Most of the time you’ll be moving Alicia throughout the Wintermoor school in various settings like classrooms, stadiums, her room, and more. As Alicia walks throughout the school classmates can be talked to and they can sometimes provide side quests to go along with your main quest of defeating the other clubs in tournaments. One of my few gripes with the game is the quest tracker on the bottom right of the screen, which may be the most bizarrely implemented quest tracking presentation I’ve ever seen in a video game. This forces me to always go into the actual menu to get a better view of my quests. Completing side quests can get you ability upgrades and I did some of them, but I found out that I was missing a lot of upgrades from not doing side quests by the time I finished the game, The game does sort of give you a prompt near the end of the game that you wont be able to do anymore side quests if you proceed, so don’t forget that if all side quests is your goal. The game also has challenges you can do to get upgrades within the Tactics Club menu.
The art style, presentation, and introduction of all the characters is done extremely well, as the game humanizes almost everyone to really connect you to the story. As you defeat clubs like The Equestrians and other clubs you will add new members to your Tactics Club, each with new abilities and backstory that you get to take part in creating, although its unclear if the choices you make affect the character’s abilities. When I initially saw I had to do this I was a bit annoyed, but as I kept doing it with each new character I began to appreciate how everything tied together. In this visual novel type of experience you can imagine a lot of dialogue in the entire game, there is, and I felt most of it fit. There may have been a few times I felt the dialogue dragged a bit and felt a little too preachy and on the nose, but the writing is generally tight and well done.
I can’t talk about Wintermoor Tactics Club without talking about the soundtrack and even-flow of the storytelling, which makes the experience what it is. There are a bunch of tunes from the game I can’t get out of my head, particularly the song in the trailer. As someone who watches movies, a good soundtrack can really add to the storytelling when you put the right track in the right scene and Wintermoor Tactics Club does exactly that. To the credit of the artist and composer, Mike Sennott, everything fits perfectly with the emotion of every scene. The even-flow of the storytelling going from chapter to chapter, talking to students, moving between the Tactics Club combat that tells each character’s story, the Ultimate Club Tournament match, and adding a new character to the Tactics Club until end of the game is something I felt made the game very accessible. It always feels good to know the pace of the game and where it is going, but I was extra satisfied with the ending of the story because I did not expect it to end the way it did. There was one aspect of the story that is very predictable and I was ready to write this review and destroy the story, but it played out much differently than I anticipated. The difficulty of the game starts out easy and progresses to get more complicated, and I wasn’t too thrilled with design of one of the battles in the end because I felt it could have been executed better and fairer.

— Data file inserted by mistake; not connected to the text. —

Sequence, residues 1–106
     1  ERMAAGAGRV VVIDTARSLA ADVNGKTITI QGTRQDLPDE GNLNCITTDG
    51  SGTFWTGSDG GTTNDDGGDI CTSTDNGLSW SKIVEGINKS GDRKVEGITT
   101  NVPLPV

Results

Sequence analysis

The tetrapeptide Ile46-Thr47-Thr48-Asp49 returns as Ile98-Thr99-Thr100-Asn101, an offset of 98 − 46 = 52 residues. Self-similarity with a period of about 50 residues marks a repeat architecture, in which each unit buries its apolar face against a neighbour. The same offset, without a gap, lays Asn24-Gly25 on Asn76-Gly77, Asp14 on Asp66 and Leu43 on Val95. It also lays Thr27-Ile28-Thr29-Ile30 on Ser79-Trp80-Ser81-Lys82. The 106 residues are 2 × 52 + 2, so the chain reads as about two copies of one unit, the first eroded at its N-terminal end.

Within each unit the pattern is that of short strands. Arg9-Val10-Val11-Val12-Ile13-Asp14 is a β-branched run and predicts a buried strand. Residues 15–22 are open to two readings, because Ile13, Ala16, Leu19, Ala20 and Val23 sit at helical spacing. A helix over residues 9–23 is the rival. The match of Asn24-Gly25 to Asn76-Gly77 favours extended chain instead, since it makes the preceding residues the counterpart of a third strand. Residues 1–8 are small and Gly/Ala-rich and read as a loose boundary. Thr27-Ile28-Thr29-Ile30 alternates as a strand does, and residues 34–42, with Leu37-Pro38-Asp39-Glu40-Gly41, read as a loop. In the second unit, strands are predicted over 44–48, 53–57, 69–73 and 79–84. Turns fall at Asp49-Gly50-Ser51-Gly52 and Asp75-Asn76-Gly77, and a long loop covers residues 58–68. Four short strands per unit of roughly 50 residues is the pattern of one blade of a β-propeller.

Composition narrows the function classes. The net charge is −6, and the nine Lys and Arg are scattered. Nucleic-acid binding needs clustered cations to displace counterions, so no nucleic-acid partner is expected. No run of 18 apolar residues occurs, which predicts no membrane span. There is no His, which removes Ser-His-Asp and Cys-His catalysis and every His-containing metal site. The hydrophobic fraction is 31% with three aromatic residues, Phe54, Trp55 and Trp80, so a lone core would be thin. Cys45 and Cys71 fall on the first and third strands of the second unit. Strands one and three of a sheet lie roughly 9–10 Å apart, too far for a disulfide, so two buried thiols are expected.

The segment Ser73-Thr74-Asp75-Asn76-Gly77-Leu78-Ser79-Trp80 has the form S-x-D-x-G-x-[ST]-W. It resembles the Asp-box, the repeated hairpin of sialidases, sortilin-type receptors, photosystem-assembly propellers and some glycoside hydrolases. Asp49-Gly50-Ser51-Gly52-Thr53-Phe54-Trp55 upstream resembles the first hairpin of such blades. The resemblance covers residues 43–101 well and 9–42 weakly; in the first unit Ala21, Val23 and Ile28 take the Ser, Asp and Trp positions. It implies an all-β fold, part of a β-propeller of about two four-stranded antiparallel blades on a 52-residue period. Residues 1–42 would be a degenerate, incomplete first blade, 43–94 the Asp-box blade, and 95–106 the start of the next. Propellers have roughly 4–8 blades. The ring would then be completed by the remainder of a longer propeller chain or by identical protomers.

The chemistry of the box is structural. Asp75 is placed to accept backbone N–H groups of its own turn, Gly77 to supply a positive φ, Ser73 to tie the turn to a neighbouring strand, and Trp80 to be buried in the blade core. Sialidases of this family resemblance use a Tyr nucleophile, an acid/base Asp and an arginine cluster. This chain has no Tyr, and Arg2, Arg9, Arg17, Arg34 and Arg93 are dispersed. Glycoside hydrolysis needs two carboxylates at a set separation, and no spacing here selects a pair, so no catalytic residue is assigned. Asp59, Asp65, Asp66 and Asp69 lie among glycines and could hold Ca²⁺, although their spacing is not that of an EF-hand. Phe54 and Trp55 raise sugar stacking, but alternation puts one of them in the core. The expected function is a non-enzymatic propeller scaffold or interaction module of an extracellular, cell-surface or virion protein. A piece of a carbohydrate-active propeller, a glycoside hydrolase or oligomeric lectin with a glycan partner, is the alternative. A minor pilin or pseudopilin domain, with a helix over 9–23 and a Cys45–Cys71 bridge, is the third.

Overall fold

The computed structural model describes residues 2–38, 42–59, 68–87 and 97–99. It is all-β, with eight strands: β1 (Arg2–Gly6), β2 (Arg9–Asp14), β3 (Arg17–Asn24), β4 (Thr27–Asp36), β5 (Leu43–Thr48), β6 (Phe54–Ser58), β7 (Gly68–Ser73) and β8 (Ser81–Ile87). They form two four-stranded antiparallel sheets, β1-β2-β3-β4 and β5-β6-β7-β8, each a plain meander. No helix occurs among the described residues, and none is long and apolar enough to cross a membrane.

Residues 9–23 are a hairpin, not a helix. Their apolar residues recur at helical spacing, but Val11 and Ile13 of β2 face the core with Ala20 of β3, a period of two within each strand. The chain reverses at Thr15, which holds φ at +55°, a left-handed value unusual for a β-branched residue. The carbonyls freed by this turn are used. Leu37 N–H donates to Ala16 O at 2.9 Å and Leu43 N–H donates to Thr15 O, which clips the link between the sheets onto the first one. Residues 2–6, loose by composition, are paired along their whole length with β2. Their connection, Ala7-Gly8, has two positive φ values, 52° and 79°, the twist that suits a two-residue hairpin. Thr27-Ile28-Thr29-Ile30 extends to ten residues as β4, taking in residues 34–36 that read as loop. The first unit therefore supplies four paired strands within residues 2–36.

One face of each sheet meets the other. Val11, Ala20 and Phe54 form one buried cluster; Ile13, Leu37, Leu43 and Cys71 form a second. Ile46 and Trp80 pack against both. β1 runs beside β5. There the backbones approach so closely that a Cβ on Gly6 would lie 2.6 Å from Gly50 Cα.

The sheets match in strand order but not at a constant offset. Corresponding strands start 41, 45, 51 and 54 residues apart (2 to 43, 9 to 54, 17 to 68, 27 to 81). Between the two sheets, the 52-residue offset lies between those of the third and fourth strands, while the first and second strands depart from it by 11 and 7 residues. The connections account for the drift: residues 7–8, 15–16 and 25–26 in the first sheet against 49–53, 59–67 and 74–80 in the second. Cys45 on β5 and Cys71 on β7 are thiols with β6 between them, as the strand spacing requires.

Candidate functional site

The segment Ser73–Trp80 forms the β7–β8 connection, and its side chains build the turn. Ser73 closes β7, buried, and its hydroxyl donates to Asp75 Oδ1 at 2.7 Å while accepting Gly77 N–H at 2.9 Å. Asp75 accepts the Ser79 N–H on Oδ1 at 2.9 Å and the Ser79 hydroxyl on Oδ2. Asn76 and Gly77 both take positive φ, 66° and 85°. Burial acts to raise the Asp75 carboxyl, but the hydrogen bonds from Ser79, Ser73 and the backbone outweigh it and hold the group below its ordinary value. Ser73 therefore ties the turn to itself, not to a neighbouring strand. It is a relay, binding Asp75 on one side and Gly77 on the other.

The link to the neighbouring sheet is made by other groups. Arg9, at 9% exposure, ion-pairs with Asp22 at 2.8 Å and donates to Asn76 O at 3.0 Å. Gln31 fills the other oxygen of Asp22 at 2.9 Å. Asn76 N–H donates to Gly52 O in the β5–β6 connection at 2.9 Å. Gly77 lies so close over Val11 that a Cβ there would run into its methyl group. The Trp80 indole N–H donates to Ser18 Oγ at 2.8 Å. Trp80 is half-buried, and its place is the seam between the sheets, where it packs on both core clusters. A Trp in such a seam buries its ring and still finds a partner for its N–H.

Wintermoor Tactics Club is the total package and exemplifies why I enjoy covering indie games. The passion of EVC is clearly noticeable, the storytelling is excellently uplifting, and the turn-based tactics combat is implemented creatively and good enough for what the game’s premise is. I definitely recommend Wintermoor Tactics Club and can’t wait to see what they develop next!